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Portland, Ore. April 13, 2001 (AP by Landon Hall)–Olympic champion Bill Johnson has come out of a coma in his slow recovery from a devastating skiing crash three weeks ago in Montana.
“He is waking up,” Dr. Molly Hoeflich said Friday at Providence Medical Center, where the 1984 downhill gold medalist is a patient.
Even though Johnson was able to respond to some outside stimulus when he was brought to the hospital Wednesday, he was technically considered to be in a coma. But doctors at Providence say the 41-year-old skier is making slight movements on his own, and that the term coma no longer applies.
Johnson’s mother and stepfather said he looked tired and depressed following the 75-minute flight aboard a private jet from a Montana hospital. But a visit from Johnson’s skiing trainer, John Creel, and Creel’s wife on Friday morning seemed to lift his spirits.
“They were very upbeat and real positive, and he just responded really well,” said Johnson’s mother, DB Johnson. “He was nodding his head, looking at them.”
Creel jokingly reminded Johnson of their last conversation before the crash: Johnson was supposed to meet Creel back at the team truck after the training run.
Creel said to Johnson “where have you been? I’ve been waiting at the truck the last three weeks,” according to the stepfather, Jimmy Cooper. “And Billy kind of smiled.”
Doctors have determined that Johnson is strong enough to begin an intensive rehabilitation regimen. Since his transfer to Providence, hospital staff have gotten Johnson to sit up in a chair, and they hope to have him getting in and out of bed by himself.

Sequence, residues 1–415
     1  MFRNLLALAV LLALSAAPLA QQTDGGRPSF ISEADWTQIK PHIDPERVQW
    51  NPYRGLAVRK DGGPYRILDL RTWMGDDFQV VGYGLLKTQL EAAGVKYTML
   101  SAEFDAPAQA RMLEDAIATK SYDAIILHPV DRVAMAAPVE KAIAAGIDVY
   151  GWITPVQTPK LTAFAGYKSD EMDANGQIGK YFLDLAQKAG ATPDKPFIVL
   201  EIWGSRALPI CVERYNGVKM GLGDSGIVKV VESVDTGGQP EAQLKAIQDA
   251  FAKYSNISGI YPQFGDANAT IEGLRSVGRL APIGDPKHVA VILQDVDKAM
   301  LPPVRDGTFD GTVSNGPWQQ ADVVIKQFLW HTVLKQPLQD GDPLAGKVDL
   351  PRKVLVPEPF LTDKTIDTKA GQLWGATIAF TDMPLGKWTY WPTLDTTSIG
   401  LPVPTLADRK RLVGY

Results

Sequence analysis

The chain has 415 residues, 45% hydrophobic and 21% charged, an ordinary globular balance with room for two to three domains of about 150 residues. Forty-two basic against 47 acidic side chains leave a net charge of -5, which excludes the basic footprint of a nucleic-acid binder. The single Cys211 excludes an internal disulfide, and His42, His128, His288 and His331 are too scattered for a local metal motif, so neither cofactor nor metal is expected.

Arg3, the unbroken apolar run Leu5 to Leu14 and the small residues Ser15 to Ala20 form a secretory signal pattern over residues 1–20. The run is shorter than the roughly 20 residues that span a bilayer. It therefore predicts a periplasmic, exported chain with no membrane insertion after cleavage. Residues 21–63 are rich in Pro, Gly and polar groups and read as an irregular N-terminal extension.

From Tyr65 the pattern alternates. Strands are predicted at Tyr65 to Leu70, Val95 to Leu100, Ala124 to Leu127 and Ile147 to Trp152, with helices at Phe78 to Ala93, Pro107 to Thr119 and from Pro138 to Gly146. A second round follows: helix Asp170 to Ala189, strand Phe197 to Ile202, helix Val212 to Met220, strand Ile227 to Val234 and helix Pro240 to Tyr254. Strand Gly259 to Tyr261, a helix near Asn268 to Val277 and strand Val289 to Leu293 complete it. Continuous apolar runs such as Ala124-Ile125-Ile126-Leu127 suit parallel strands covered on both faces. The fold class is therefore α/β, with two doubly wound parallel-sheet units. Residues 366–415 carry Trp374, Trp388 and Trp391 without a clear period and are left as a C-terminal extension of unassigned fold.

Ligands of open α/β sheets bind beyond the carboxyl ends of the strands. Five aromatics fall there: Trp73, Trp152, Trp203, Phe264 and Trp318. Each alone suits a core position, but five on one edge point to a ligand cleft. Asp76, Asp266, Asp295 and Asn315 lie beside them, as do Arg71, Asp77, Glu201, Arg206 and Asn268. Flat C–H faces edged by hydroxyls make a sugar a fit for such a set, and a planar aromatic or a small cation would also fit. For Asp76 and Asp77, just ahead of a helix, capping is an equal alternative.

Eventually, he will be released and go to his mother’s home in Gresham, east of Portland. Once he is physically ready, he will begin occupational therapy to start doing everyday tasks for himself, Hoeflich said.
Johnson, who was born in Southern California but grew up in the Portland area and trained on Mount Hood, shed his bad-boy reputation by winning downhill gold at the Sarajevo Olympics. He was attempting a comeback when he crashed face-first on hard-packed snow March 22 during a warmup for the U.S. Alpine Championships in Whitefish, Mont.
DB Johnson said her son _ known for being fiercely independent, often to a fault _ will recover faster than doctors think.
“I think he’ll be ornery enough inside that he wants to get out of there, and get out and do things,” she said. “He’s always been a very ambitious person, so for him to sit still, I believe that bothers him.”
Copyright © 2000 The Associated Press